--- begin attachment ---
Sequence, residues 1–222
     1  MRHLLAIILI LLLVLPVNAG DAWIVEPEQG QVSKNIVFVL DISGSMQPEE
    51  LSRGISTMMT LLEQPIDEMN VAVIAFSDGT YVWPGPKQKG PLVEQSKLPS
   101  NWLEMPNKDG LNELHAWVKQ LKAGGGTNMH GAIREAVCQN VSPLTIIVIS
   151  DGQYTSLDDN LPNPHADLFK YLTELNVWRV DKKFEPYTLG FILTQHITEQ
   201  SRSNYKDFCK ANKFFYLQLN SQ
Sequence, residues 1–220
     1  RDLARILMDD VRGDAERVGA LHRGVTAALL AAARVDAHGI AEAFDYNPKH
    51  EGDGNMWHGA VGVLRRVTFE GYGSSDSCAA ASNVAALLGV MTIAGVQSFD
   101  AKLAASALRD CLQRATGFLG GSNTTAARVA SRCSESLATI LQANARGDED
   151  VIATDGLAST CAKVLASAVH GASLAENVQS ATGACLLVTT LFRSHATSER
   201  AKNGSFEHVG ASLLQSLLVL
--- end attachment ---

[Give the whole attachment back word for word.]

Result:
Sequence, residues 1–222
     1  MRHLLAIILI LLLVLPVNAG DAWIVEPEQG QVSKNIVFVL DISGSMQPEE
    51  LSRGISTMMT LLEQPIDEMN VAVIAFSDGT YVWPGPKQKG PLVEQSKLPS
   101  NWLEMPNKDG LNELHAWVKQ LKAGGGTNMH GAIREAVCQN VSPLTIIVIS
   151  DGQYTSLDDN LPNPHADLFK YLTELNVWRV DKKFEPYTLG FILTQHITEQ
   201  SRSNYKDFCK ANKFFYLQLN SQ
Sequence, residues 1–220
     1  RDLARILMDD VRGDAERVGA LHRGVTAALL AAARVDAHGI AEAFDYNPKH
    51  EGDGNMWHGA VGVLRRVTFE GYGSSDSCAA ASNVAALLGV MTIAGVQSFD
   101  AKLAASALRD CLQRATGFLG GSNTTAARVA SRCSESLATI LQANARGDED
   151  VIATDGLAST CAKVLASAVH GASLAENVQS ATGACLLVTT LFRSHATSER
   201  AKNGSFEHVG ASLLQSLLVL